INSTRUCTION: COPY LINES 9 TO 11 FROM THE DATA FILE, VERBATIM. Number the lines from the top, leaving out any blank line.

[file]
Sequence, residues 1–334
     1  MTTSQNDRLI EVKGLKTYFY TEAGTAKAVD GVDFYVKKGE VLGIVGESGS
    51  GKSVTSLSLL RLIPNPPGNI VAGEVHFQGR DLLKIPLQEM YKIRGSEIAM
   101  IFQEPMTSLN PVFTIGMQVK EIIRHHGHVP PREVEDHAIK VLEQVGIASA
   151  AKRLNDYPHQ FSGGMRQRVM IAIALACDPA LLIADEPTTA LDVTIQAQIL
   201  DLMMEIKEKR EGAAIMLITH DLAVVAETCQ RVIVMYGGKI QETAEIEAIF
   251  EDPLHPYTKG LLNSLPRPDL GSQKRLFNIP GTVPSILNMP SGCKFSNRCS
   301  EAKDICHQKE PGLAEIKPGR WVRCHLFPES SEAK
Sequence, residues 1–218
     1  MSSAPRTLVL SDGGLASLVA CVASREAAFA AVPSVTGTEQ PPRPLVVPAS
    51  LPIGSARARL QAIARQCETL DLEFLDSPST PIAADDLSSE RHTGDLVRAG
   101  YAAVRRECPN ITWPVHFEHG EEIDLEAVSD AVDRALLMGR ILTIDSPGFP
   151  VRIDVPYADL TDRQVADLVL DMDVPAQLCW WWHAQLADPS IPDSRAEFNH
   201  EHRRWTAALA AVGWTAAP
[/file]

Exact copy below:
Sequence, residues 1–218
     1  MSSAPRTLVL SDGGLASLVA CVASREAAFA AVPSVTGTEQ PPRPLVVPAS
    51  LPIGSARARL QAIARQCETL DLEFLDSPST PIAADDLSSE RHTGDLVRAG